Wednesday marked the 50th annual Earth Day and this one was special. "The waters of Venice are now clear, lions lounge on roads", The Guardian reports. Via Outdoors exists to reconnect us with the environment and to inspire us all to do more to save it, so this week we focus on nature:
Reasons to get outside, even during lockdown
Mini lockdown adventure ideas
10 things we can all do to help the world
Free trip! From the next edition of this newsletter, we'll be offering one subscriber and their friend a free future trip with Via Outdoors. If you'd like to join us in Snowdonia, the Peak District or Lake District for a weekend sign up the bottom of this page and share with your friends and ask them to sign up to maximise your chances!
Getting Outdoors, even just once a day
I recently wrote an article on our purpose at Via Outdoors that included a summary of the many benefits of getting outdoors, even if just for 30 minutes a day during lockdown: Physical According to the NHS, exercising reduces our risk to major illnesses including heart disease, stroke, diabetes, and many cancers. If you exercise outdoors, you also get a healthy dose of Vitamin D, which many of us are deficient in and can also prevent disease. Amazingly, nature isn’t just preventative; she restores us. One study showed that patients recovering from spinal surgery felt less pain if they enjoyed natural light, whilst another study showed that by just being able to see trees and nature from their window, post-op patients recovered quicker and reduced medication doses. Nature heals us. Mental During lockdown, many of us are noticing more nature’s impact on our mental health. When I spend pretty much all week indoors, I’m more anxious, stressed and low. Yet just a short stroll through something remotely green transforms me. The mental health charity, Mind, is unequivocal: “spending time in nature has been found to help with mental health problems”. The list of conditions that can be helped is sizeable: stress, anxiety, depression, confidence, bi-polar disorder, seasonal affective disorder, OCD and more. I can attest to this too: messing about in fields and forests soothes my ongoing battle with stress and depression. Environmental Appreciating nature has another, beautifully circular benefit too: it improves the environment that we love. The National Trust and the University of Derby’s “Noticing Nature” report asks why some people take actions to protect the environment and some don’t. Their answer? “‘Noticing nature’ has the greatest influence on conservation action.” From watching wildlife to enjoying a sunrise, regularly appreciating the wonders of nature makes us much more likely to act. Other reports have shown that enjoying nature correlates to recycling, buying locally and responsibly, and travelling more sustainably. Perhaps noticing nature helps us to realise how connected and dependent our lives are on the environment. Find out more and read the full article here.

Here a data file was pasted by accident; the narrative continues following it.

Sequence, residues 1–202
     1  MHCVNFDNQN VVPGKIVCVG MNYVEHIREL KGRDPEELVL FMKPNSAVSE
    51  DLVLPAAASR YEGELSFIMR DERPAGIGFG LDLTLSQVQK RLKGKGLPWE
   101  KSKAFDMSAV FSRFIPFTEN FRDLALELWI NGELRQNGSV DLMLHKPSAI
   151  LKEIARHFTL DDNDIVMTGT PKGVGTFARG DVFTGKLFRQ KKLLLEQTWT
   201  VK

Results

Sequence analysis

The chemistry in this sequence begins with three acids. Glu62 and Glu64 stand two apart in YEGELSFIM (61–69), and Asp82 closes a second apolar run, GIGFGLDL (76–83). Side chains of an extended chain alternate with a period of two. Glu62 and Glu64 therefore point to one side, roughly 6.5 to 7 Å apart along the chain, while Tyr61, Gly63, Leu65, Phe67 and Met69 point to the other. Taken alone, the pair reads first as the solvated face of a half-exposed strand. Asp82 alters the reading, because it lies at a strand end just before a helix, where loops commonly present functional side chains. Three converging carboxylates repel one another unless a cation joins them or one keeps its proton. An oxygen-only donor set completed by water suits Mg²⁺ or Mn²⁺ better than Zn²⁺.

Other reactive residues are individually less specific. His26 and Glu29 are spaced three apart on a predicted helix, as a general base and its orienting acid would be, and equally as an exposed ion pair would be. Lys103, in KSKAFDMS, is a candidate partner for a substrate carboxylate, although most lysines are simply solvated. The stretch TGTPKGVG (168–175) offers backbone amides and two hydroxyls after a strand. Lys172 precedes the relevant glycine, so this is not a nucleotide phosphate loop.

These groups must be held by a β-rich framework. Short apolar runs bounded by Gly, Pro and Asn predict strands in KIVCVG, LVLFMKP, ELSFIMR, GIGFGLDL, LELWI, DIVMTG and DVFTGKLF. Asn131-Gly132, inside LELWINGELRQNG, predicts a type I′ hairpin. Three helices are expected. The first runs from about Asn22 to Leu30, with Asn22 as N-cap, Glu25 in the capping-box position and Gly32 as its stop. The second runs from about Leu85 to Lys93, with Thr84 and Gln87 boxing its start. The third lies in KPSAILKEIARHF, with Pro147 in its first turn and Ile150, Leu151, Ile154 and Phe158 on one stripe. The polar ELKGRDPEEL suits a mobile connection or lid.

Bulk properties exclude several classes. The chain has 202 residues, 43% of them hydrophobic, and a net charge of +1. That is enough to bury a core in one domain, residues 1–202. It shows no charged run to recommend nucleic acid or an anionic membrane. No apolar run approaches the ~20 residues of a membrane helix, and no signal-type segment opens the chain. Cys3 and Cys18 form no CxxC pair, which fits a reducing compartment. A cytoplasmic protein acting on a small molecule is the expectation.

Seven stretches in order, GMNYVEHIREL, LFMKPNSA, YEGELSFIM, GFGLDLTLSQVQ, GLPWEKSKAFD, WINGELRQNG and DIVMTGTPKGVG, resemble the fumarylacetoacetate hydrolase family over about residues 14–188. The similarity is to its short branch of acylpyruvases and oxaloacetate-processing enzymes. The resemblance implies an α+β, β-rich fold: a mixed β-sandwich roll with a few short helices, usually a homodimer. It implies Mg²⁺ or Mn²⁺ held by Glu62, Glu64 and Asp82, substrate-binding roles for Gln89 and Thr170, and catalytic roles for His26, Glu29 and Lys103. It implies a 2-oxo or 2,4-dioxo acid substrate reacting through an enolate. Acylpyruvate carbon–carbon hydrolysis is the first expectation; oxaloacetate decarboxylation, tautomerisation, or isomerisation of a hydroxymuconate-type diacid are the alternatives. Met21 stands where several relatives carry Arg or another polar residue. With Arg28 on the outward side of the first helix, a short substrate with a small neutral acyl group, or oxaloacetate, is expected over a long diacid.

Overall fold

What should I do when I'm outdoors?
Here's some inspiration on how to have adventures from your doorstep, thanks to micro-adventure connoisseur Alastair Humphreys:
Adventure in the age of lockdown: Starting from my front door he is running every street, cul de sac and dead end on a mission to go places I have never been before. It is a way to notice new and beautiful and wild things, even in the most familiar of settings. It gives my ration of exercise a sense of purpose and adventure.
A film about walking every street in New York.
And a tale about cycling every street in London.
Five exercises ideal for lockdown life.
Doing our bit
This Earth Day, let's make a commitment to make 2020 the year we start to really protect our planet. After all, time is running out:
Weekly averages of atmospheric carbon dioxide concentration: 18 April 2020: 416.27 ppm (parts per million) This time last year: 413.62 ppm 10 years ago: 392.85 ppm Pre-industrial base: 280 ppm Safe level: 350 ppm
Here are 10 top tips to help us act now:
Switch to renewable energy
Go meat-free, even for just a couple of days
Talk to friends and family about the environment - pass on this newsletter!
Learn more and stay educated - we'll help with that!
Reduce waste, especially food
Buy less and repair more
Use less energy
Offset your remaining emissions - about £45 for the typical Brit family
What about Via Outdoors?
Just like you all, we're itching to get back to the mountains! So to help, the next few editions of this newsletter will include a competition to win a free weekend trip to Snowdonia, the Peak District or the Lake District with us for you and a friend! Pass on this newsletter to as many friends as you can, and maximise your chance of winning.
Otherwise, are you following us on instagram for our latest news?
As soon as we're given the all-clear by the Government, we'll be back and we look forward to helping you all back into the wild.